Located off the Masonic Road between Bridgeport, CA and the Masonic town site, are the remains of the Chemung gold mine. The Chemung gold mine operated from from 1909 to 1938 and produced over one million dollars in gold. In the 1920s, the Chemung mine was producing low grade and high grade ore. The ore was processed onsite, and then shipped to near by Bodie for smelting.
Along with the increase cost of mining supplies which reduced growth, a poor gold market and the cost of hauling the ore to Bodie over the poor roads for smelting and little mine was doomed and closed its doors in 1938.
The Chemung mine history is not a mining failure, but a failure of management and litigation. During its time of production, the mine built and tore down three mills. During the last year of operation in 1938, 20 men worked the site and less than one year later the mine was closed. The mine itself produced well, however endless litigation for various reasons doomed the mine.
Throughout the 1950s and 1960s new life was found in the mine with the efforts of Elton “Heinie” Heinemeyer. Heinemeyer mined for years but never struck it big. Well liked by the town of Bridgeport, CA Heinemeters well being was the source of concern for the people of Bridgeport and it is reported that he would always find time to visit and entertain those who traveled to check up on him.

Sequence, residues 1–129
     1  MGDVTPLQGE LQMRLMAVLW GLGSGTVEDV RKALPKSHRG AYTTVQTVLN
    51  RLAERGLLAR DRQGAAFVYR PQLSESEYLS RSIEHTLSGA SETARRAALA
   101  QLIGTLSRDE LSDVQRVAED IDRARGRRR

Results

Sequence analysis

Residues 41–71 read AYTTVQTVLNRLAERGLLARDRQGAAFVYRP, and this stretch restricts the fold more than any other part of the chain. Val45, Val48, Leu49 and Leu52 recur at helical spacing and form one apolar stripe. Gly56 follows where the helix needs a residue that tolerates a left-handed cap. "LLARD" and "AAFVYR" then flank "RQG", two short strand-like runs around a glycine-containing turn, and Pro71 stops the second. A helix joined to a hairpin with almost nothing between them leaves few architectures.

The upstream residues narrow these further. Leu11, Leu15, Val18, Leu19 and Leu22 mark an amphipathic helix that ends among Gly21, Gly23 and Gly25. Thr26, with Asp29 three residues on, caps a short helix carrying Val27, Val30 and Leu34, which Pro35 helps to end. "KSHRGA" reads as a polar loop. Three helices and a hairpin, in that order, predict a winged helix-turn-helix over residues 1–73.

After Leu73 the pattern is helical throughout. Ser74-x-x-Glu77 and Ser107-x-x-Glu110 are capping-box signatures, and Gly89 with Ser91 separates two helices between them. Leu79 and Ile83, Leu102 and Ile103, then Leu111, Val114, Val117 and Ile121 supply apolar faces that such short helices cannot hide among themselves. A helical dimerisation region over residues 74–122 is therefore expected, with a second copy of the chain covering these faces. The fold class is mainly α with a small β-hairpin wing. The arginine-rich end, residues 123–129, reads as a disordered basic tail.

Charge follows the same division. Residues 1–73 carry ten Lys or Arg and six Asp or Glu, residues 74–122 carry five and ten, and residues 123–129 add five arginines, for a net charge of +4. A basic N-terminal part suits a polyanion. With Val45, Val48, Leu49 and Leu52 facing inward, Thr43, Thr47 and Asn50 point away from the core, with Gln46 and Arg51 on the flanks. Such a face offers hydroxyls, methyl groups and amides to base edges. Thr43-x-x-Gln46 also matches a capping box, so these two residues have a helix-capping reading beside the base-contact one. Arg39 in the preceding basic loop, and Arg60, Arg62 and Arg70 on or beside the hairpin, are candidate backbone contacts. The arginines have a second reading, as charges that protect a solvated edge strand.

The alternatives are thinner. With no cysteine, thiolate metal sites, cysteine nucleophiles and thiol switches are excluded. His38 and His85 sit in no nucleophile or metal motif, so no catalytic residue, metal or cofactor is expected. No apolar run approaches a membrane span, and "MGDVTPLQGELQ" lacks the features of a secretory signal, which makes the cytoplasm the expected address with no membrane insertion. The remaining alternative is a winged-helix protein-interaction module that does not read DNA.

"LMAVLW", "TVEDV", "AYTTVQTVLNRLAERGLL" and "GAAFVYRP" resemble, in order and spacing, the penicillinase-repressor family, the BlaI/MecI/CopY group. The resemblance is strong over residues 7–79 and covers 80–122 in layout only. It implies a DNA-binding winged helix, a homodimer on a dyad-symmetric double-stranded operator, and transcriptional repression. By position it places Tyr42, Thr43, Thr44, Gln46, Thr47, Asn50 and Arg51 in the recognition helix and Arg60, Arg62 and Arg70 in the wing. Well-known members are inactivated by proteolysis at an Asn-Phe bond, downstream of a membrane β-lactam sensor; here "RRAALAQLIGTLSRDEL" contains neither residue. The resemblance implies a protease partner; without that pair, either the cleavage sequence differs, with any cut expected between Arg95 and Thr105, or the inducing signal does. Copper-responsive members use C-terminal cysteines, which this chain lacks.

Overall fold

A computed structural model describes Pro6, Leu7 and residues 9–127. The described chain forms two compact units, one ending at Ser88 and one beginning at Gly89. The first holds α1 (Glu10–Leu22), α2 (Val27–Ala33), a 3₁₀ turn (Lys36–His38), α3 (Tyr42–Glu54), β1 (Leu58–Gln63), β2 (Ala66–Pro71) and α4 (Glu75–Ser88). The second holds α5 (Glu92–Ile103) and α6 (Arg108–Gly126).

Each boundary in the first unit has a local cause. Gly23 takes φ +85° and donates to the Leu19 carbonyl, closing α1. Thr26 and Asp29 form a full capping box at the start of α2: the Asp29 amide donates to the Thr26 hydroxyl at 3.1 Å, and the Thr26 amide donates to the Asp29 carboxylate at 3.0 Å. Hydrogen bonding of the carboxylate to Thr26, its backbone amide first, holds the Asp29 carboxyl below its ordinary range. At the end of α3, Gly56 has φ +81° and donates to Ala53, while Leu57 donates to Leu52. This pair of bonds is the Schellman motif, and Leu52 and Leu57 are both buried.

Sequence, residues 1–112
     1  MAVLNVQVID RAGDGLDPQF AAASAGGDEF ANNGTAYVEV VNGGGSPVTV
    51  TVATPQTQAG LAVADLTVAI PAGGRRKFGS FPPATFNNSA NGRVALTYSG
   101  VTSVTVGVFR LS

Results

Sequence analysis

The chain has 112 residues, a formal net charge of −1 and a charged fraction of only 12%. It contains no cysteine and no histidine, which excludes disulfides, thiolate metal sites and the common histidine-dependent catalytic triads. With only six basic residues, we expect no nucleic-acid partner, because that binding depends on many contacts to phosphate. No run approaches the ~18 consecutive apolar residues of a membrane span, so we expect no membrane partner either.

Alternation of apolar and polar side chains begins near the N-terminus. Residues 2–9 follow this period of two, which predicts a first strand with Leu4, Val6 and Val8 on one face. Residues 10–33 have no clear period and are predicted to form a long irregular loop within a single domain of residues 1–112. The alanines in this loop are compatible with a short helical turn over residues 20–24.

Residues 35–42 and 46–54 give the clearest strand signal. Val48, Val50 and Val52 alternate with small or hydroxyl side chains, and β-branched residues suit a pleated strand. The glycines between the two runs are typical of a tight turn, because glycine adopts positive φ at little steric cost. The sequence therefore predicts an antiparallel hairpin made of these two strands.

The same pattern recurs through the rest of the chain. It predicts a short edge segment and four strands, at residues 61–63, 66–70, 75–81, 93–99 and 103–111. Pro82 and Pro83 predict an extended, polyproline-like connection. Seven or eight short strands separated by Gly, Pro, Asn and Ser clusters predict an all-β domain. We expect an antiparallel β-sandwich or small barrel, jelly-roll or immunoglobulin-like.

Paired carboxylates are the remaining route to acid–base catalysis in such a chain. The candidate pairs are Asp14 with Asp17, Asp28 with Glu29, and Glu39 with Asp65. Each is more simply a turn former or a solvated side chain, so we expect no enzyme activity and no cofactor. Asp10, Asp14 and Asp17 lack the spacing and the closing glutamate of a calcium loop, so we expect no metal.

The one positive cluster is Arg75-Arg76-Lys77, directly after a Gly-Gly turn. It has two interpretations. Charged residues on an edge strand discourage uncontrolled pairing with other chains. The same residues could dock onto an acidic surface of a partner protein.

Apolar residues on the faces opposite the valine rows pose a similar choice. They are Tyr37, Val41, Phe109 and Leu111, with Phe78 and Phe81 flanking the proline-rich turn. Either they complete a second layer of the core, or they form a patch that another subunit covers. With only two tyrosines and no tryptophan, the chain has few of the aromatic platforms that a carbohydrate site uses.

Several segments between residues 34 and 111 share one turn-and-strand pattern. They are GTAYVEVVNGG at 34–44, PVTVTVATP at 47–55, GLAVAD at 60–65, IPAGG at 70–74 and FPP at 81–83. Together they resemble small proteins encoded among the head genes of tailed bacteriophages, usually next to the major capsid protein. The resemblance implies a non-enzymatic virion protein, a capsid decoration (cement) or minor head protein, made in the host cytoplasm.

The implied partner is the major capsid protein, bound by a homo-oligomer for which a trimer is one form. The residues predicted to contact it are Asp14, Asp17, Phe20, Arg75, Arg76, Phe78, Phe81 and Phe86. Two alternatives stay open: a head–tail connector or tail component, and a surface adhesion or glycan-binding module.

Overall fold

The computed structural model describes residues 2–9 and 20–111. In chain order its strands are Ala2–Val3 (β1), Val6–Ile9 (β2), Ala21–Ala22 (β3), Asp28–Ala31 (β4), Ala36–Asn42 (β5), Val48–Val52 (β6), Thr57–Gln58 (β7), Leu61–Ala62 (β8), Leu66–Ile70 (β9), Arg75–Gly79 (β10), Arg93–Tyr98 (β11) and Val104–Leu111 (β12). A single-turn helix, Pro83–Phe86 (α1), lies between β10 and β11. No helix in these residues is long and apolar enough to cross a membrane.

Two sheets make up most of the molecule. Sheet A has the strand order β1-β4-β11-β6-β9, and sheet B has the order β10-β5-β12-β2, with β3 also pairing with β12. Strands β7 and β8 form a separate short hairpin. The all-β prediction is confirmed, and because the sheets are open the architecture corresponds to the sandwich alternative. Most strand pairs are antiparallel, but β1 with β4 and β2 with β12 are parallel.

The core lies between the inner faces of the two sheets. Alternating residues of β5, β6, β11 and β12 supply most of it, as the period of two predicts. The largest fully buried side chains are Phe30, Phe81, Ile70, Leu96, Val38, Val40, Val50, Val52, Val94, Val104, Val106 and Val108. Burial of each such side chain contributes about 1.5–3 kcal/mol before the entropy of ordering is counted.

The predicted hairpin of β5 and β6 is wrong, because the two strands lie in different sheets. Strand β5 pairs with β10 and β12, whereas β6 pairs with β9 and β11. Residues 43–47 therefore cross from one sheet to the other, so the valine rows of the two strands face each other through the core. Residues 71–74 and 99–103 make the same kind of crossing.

Currently, the mill building structure is intact but the years of harsh weather have taken its toll. A mild wind will cause some of the walls to shake or shudder, and the lower outer wall is leaning outward. In June 2016, bars restricted access to the mines themselves although the mines do offer a cold breeze on a warm day to cool you down.
There are stories that the site is haunted by a spirit or ghost, but only on Saturday nights, which seems a bit odd to me.
On a personal note, the Chemung mine surprised me. I have been to Aurora three times, Masonic at least three times, and Bodie… at least ten. My last visit to Bodie was in 2013. Afterwards this last trip, I was looking in Google Earth when I “discovered” the Chemung gold mine. How had this mine, such an impressive structure, evaded my radar for so many years? It took me three years from that day to make my first visit to Chemung, and this place is definately on my list for a repeat visit.Continue Reading →